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FTC Extended Enforcement Policy: Identity Theft Red Flags Rule

by Federal Trade Commission | 11/5/2009 6:28:59 PM

At the request of several members of Congress, the Federal Trade Commission (the “FTC” or “Commission”) is extending its deferral of enforcement of the Identity Theft Red Flags Rule (“Red Flags Rule” or “the Rule”)1 until June 1, 2010. The Rule was promulgated pursuant to the Fair and Accurate Credit Transactions Act (“FACTA”), in which Congress directed the Commission and other agencies to develop regulations requiring “creditors”2 and “financial institutions”3 to address the risk of identity theft. The resulting Red Flags Rule requires all such entities that have “covered accounts” to develop and implement written identity theft prevention programs. The identity theft prevention programs must be designed to help identify, detect, and respond to patterns, practices, or specific activities – known as “red flags” –that could indicate identity theft. The final Red Flags Rule became effective on January 1, 2008, with full compliance for all covered entities originally required by November 1, 2008. Previously, the Commission issued Enforcement Policies delaying the enforcement of the Rule as to entities under its jurisdiction until November 1, 2009.4 The Commission staff has continued to provide guidance to entities within its jurisdiction, both through materials posted on the dedicated Red Flags Rule website (www.ftc.gov/redflagsrule), and in speeches and participation in seminars, conferences and other training events to numerous groups. Further, the Commission published a compliance guide for business, and created a template that enables low risk entities to create an identity theft program with an easy-to-use online form.5 Staff also has published numerous general and industry-specific articles, released a video explaining the Rule, and continues to respond to inquiries from the public. To assist further with compliance, FTC staff has worked with a number of trade associations that have chosen to develop model policies or specialized guidance for their members.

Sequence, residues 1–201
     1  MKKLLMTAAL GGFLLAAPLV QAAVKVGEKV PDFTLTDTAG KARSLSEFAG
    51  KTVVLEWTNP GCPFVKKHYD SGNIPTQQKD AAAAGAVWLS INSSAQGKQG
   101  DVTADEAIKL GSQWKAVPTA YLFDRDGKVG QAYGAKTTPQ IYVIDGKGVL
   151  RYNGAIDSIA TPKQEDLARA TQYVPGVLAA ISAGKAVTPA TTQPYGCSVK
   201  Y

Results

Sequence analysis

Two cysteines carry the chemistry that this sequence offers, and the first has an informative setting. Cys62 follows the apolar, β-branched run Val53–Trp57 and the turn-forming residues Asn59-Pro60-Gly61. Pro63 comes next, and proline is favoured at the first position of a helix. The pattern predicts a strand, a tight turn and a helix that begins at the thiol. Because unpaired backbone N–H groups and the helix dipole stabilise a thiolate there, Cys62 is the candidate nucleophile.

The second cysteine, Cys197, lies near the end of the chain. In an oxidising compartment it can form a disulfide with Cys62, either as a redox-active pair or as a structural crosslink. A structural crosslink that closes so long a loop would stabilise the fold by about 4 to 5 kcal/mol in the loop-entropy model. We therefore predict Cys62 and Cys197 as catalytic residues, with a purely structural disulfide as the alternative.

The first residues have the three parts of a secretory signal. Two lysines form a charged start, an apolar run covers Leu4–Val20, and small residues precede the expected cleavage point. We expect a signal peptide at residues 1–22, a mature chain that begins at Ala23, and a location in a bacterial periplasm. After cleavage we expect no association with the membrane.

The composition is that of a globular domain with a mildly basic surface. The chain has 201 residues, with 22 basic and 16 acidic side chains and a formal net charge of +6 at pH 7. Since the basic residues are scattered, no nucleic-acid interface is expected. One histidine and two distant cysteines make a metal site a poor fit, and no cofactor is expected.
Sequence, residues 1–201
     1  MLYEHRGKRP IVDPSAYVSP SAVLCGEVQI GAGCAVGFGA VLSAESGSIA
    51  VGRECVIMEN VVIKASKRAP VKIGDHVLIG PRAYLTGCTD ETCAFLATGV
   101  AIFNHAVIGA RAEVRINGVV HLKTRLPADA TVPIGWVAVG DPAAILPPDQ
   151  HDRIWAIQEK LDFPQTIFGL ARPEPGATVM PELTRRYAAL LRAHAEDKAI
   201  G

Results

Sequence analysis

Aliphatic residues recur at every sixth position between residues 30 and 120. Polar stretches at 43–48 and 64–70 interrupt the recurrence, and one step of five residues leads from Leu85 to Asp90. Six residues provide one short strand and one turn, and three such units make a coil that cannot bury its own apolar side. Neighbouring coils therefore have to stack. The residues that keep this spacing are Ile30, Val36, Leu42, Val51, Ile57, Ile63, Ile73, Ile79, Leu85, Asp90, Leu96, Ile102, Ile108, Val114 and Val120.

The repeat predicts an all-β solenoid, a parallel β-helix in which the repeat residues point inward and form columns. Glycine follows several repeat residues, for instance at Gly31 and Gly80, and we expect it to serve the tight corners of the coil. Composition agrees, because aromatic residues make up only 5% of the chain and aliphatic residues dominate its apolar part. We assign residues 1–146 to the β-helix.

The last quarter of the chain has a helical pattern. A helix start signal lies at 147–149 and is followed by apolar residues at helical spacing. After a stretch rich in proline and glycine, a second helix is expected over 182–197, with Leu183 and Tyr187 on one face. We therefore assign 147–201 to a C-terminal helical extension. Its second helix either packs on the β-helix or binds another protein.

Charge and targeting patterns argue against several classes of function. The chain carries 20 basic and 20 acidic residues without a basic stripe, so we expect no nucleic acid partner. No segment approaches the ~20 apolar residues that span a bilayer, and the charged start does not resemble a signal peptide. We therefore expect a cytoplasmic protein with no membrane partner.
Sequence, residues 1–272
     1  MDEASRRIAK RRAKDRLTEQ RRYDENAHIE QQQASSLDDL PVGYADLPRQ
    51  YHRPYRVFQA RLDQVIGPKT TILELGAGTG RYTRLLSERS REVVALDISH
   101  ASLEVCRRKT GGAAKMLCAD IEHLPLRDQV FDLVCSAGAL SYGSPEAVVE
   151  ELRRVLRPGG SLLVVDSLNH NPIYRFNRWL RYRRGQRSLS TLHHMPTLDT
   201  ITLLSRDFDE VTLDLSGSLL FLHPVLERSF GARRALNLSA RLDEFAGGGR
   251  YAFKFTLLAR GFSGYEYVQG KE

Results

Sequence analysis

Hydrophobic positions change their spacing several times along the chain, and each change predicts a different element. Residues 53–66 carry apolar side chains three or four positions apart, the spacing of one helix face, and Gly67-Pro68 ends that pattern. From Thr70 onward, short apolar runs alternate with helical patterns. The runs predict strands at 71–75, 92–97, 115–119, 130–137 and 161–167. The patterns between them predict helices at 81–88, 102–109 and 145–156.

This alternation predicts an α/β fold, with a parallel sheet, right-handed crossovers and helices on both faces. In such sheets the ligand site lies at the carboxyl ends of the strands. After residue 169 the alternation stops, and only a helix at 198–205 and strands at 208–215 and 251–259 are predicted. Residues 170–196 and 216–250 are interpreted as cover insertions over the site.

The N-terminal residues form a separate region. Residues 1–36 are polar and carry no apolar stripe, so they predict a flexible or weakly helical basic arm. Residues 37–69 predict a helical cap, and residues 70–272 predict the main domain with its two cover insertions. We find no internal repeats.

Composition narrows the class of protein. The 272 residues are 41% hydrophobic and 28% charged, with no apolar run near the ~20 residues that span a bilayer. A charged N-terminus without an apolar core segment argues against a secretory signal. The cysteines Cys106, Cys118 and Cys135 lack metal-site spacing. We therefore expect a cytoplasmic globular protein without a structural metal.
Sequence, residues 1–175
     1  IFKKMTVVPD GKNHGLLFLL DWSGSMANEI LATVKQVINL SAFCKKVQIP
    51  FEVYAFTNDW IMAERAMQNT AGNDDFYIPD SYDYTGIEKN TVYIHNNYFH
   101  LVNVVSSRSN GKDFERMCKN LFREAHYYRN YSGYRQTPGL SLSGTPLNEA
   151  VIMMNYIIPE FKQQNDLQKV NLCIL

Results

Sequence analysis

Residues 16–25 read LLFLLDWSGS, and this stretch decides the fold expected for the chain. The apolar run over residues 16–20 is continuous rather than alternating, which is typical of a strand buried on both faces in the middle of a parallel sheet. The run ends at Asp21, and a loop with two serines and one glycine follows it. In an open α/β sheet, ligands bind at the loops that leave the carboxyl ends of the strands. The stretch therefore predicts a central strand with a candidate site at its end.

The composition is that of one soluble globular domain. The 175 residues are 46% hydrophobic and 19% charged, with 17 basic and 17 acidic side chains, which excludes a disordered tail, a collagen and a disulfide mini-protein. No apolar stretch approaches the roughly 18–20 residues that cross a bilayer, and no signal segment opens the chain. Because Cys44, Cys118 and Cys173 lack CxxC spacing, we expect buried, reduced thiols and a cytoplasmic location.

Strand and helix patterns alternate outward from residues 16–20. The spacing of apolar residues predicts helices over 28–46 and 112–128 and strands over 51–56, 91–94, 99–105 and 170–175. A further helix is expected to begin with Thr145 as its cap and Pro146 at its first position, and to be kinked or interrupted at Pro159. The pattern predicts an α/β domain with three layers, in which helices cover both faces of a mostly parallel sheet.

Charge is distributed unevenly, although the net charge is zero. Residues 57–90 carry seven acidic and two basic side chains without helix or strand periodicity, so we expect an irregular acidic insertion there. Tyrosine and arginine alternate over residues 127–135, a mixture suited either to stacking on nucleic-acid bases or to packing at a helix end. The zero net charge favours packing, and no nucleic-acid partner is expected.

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 1- 16 C.F.R. 681.1. On November 9, 2007, the Federal Trade Co 1 mmission, the Federal Deposit Insurance Corporation, the Federal Reserve Board, the Office of the Comptroller of the Currency, the Office of Thrift Supervision, and the National Credit Union Administration published a joint notice of final rulemaking in the Federal Register (72 Fed. Reg. 63,718) finalizing the Red Flags Rule regulations and guidelines.

2- In FACTA, Congress imported the definition of creditor from the Equal Credit Opportunity Act (“ECOA”) for purposes of the Fair Credit Reporting Act. This definition covers all entities that regularly permit deferred payments for goods or services. The definition thus has a broad scope and may include entities that have not in the past considered themselves to be creditors. For example, creditors under the ECOA include professionals, merchants, and service providers that regularly provide a product or service for which the consumer pays after delivery.

3- Congress defined a “financial institution” under § 111 of FACTA to include any person that holds a consumer transaction account as defined by § 19(b) of the Federal Reserve Act. The types of financial institutions that fall under the FTC’s jurisdiction include state-chartered credit unions, mutual funds that offer accounts with check-writing privileges, and other entities that offer accounts where the consumer can make payments or transfers to third parties.

4- The Commission’s enforcement policies are available at www.ftc.gov/os/2008/10/081022idtheftredflagsrule.pdf.

5- The online form is available at www.ftc.gov/bcp/edu/microsites/redflagsrule/get-started.shtm.

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